ROMAN.. THE ROMANS USE A SPECIAL METHOD OF SHOWING NUMBERS, The chinese Based on the following symbols symbols consist of basic lines and curves. They continue similar as the numbers increase.
Now you have finished……. How well did your presentation go? Did people understand what you were saying? Were they interested? What feedback did you get? What did you learn? What did you change as you went through the STEPS? What would you do differently next time?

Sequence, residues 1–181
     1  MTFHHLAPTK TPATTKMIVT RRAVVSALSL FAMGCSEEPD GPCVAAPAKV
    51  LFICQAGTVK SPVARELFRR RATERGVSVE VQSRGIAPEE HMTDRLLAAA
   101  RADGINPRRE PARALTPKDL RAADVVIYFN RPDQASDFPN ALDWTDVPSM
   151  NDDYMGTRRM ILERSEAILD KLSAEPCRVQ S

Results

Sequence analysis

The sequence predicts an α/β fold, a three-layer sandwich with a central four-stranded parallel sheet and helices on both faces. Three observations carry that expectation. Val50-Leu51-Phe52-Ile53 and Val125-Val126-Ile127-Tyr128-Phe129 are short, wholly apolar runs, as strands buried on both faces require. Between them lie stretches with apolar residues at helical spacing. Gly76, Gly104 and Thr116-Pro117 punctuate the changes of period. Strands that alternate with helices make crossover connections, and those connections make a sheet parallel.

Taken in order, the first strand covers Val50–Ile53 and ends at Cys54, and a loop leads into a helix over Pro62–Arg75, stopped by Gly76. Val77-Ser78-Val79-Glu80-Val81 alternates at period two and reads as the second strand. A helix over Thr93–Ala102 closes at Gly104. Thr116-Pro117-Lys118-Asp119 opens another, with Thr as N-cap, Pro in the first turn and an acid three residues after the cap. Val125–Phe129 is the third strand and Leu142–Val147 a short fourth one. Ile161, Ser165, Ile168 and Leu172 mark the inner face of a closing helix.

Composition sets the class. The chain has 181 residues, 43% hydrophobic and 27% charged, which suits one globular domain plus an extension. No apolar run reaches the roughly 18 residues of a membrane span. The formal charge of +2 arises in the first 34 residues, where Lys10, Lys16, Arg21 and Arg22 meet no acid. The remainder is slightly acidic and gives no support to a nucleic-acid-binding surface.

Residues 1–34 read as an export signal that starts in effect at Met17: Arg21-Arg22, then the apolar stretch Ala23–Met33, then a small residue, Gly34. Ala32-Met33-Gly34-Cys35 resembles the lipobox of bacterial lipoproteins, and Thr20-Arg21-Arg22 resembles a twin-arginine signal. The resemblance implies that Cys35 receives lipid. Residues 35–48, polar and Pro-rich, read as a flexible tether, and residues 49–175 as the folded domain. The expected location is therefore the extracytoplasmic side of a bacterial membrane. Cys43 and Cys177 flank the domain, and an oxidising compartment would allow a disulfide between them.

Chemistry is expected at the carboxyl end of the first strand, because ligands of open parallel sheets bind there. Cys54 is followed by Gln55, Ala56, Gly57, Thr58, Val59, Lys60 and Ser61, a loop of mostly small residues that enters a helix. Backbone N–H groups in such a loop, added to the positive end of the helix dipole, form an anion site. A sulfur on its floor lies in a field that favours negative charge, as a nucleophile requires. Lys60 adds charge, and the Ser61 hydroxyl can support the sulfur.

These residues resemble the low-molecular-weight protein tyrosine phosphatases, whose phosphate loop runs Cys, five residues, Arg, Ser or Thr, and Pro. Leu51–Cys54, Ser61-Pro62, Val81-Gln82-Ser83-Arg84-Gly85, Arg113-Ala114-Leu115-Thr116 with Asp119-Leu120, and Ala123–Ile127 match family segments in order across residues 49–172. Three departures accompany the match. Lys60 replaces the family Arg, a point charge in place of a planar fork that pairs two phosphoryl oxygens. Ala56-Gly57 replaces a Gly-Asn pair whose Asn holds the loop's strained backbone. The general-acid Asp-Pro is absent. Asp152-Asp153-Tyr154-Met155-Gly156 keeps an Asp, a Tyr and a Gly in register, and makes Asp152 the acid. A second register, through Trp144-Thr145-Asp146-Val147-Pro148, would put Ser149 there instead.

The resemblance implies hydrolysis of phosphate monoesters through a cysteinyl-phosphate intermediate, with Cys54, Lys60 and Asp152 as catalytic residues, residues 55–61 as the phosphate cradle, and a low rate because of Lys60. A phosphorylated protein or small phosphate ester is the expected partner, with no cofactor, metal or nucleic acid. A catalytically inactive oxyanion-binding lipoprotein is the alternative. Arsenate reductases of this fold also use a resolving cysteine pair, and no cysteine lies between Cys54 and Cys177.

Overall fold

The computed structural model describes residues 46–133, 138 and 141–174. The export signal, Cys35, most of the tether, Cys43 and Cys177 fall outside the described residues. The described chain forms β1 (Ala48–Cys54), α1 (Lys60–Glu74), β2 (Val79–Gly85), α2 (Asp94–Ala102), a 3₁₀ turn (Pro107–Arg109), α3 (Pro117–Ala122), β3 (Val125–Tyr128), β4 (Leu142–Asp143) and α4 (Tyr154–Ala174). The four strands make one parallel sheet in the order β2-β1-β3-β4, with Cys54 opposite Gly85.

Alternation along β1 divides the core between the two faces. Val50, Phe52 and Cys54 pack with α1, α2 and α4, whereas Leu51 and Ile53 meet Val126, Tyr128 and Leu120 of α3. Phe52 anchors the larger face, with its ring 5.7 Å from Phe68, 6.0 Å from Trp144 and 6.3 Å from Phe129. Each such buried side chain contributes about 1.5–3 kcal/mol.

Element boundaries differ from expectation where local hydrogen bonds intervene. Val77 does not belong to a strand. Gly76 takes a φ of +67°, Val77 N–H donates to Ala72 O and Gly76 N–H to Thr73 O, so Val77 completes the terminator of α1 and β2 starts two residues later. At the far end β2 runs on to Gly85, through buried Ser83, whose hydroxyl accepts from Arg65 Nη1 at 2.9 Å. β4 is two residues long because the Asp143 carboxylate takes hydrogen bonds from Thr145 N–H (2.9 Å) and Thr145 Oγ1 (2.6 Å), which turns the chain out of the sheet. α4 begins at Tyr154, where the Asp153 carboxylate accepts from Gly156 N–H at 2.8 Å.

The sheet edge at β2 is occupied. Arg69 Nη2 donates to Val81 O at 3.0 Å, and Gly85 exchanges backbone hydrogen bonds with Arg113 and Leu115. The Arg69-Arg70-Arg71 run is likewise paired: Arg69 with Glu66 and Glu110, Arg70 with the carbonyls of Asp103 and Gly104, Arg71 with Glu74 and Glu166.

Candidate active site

in2edu.com Assessing Information Process Skills Questioning: The researcher can discover a problem or issue within topic 10 Independently establishes an issue or problem which requires further investigation or solutions following the initial exploring of a topic. Can create detailed Concept maps as a topic progresses. 6 Can Brainstorm. Can create questions and/or Concept-maps about topics with adult or peers help, to focus on issues and problems 2 Needs an adult or others to create questions and topics Planning: The researcher can identify what sources would be most useful to gather information 10 Selects appropriate sources independently and efficiently 6 Selects sources with some results 2 Wanders from source to source without questioning which source will be most helpful Gathering: The researcher collects information that can be used 10 Collects and organizes the information for easy use. Able to re-model concept maps 6 Collects information with an element of organization. 2 Unable to collate some of the most important information. Little change of gathered information Synthesizing: The researcher recreates from the gathered information solutions to the initial problems/issues/ questions 10 Creates totally original solutions 6 Recombines a mixture of solutions from sources 2 Presents solutions that others have created Evaluating: The researcher is able to evaluate the solutions they propose 10 Shows constant reflecting skills, can make suggestions for future changes, demonstrated awareness of strength or supporting information and responded 6 Shows awareness that supporting information is missing, is able to identify some areas where they can improve in the future 2 Conclusions or solutions show little supporting information. Cannot see any areas that need change in what they have done. Reporting: The researcher can communicate findings appropriately to the target individual/group 10 Creates and presents an original product which effectively addresses original problem, questions, issues or has creative insight 6 Presents some insights in reference to the original problem, questions or issues 2 Presents the work or thoughts of others Marking as above will give a result out of 50 which can be turned into a % mark.